A handsome male Whinchat at Staines Moor
Back to the reservoir by late morning a couple of Grey Plovers dropped in on the west bank of the south basin, more Yellow Wagtails, plus four Little Ringed Plovers and another Whinchat, a male, followed by a female. A Hobby flew low across the bank on the causeway on the south basin, with a Common Swift dangling from its talons, and later two more Hobby were scorching through the air trying to catch some more Hirundines.

A Grey Plover on the west bank of the south basin
Another Yellow Wagtail
A female Whinchat at Staines Reservoir
That was the day in a nutshell. Good, but with very much an 'after the Lord Mayor's show' ring about it.

OK, I hear you say, get over it. Don't be so pathetic. No-one died. No-one is suffering from life-changing trauma of any sort. In the general scheme of things, dipping a Dotterel (or 15) it isn't that big a deal.

And you would be right. But that is what this hobby does to you when it grabs you. And I'm more than a bit concerned by this. I don't want it to consume me to the extent it takes away my focus from the more important things that I have going on in my life.

The bottom line is this. To be a dedicated birder is fine. It is a great hobby, full of great moments and equally disappointing ones (probably more of those, in my case). But to get the most out of it you have to be either retired, very rich or work in birding for a living.

I'm simply not enjoying my birding at the moment most of the time apart from the odd days here and there – as can be garnered from posts on this blog in recent weeks. Even I'm getting bored of whining all the time.

So I've made the decision that I'm not going to Surrey list for the rest of the year. There's no point. I've missed too many migrants, particularly on the local patch, and have too few days to spend on it. I want to enjoy birding and to go home afterwards feeling good rather than dejected. Listing is basically twitching, and twitching will send you half mad. 

It will mean that birding in Surrey will not be the be all and end all. If there is the chance of seeing birds I enjoy somewhere else, I'll go there rather than waiting for hours for a Grasshopper Warbler to poke its head out of the bushes for a split second. 

I'll continue to go to Staines Reservoir, however, for some seabird watching because I enjoy it (and I can catch up with Bob et al for some good old banter), Holmethorpe because I ought to, Beddington and Canons Farm on the odd occasion, Crooksbury Common later this month to see the Nightjars, Bookham Common for some more Nightingale song.

With the mornings getting lighter earlier it means I can travel further afield and get back in good time without compromising myself. Elmley Marshes, Oare Marshes, Pulborough Brooks (never been!), Burpham (raptor heaven), Pagham Harbour, good old Beachy Head and Cuckmere Haven.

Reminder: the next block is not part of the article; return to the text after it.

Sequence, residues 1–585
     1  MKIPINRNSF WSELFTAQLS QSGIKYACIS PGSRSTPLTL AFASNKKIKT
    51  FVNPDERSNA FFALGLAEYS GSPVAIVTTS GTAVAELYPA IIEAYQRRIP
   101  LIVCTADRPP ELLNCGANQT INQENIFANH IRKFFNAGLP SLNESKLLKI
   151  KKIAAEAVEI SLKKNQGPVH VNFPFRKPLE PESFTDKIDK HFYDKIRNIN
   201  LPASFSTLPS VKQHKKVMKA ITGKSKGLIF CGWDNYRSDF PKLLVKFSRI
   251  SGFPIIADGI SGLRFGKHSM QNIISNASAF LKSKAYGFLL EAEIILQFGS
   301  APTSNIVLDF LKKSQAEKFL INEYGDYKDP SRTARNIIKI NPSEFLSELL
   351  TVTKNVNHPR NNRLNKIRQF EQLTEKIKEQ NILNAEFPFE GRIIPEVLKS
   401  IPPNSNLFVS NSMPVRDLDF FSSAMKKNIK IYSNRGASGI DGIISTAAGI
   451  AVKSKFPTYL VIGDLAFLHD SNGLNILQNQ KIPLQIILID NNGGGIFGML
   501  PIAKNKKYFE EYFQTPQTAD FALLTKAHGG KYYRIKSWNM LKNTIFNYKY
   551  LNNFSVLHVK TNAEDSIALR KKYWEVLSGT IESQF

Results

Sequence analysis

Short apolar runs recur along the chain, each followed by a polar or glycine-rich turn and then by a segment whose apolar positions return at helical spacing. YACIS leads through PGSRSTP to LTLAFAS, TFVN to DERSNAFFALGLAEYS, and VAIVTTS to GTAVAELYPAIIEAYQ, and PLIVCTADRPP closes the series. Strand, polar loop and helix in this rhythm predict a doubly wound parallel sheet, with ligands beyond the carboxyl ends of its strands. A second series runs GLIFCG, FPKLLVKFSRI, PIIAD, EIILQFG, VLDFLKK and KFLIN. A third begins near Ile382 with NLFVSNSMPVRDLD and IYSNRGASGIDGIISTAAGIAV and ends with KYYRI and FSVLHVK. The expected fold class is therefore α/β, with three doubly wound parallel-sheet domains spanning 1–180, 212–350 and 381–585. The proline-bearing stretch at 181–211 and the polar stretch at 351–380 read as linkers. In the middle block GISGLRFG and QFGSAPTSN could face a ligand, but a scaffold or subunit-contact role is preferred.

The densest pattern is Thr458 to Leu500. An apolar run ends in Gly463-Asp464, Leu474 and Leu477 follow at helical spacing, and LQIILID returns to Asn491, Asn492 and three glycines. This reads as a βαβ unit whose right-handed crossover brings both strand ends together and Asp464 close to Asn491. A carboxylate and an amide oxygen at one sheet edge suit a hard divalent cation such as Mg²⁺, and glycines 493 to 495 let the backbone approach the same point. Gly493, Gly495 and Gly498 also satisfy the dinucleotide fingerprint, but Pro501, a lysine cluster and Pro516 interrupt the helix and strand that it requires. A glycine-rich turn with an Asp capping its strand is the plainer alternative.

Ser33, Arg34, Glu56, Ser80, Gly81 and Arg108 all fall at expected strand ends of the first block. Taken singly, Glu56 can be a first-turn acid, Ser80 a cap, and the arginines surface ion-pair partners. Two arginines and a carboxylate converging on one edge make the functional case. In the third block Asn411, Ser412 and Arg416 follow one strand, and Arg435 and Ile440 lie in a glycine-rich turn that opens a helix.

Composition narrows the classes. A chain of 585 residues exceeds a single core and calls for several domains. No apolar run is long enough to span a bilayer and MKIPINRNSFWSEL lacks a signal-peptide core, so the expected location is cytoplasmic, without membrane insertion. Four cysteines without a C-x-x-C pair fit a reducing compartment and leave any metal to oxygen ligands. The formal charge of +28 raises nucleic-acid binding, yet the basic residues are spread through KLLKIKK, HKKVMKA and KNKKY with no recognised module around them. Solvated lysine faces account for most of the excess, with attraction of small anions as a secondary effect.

That's the plan. Now for the difficult part. Trying to work out a way to implement it...


  1. As you know, I always feel downheartened when you miss a bird at Canons, Neil. I've always admired the way you manage to maintain an infectious cheeriness even when you're dipping, but I could tell you were gutted last Saturday. All I can say is I wish that fox wasn't around that night and, if genuine, that report of a single bird on Saturday was put out properly and quickly. So many more people would have been very happy then.

    It shouldn't be dismissed that Canons could be a reasonably regular stop off point perhaps? A bit of a long shot maybe, but possible. We'd be unbelievably lucky to find a trip like that after less than three years intense watching. If there were a birder who'd been going there for the last 50 years, I doubt those would have been his first there. So perhaps another chance in the not too distant future?

    In the last 3 years I've cut down the amount of listing I do. I now only get hysterical about British and CFBW Listing, CFBW Yearlisting being second to that followed by my Local Area list (which I'm rather fond of) and then counties, other sites etc being relativley unimportant. It's nice having less pressure.

    all the best


  2. Hi David

    It didn't take long to get over the disappointment. I had a really good few hours on Sunday and found the Wood Warbler at Thursley relatively easily. Don't worry, I'll be back at the farm soon enough, probably for the next Quail to drop by in the next week or so. Work commitments are limiting my visits at the moment - I'm writing this during a brief lull at Racing Post. Canons is a brilliant site and with your efforts, has definitely been put on the birding map. Anyone who knows birding knows Canons Farm. Next birds to see there? How about a Red-backed Shrike or Wryneck? See you soon, and keep sending me the texts!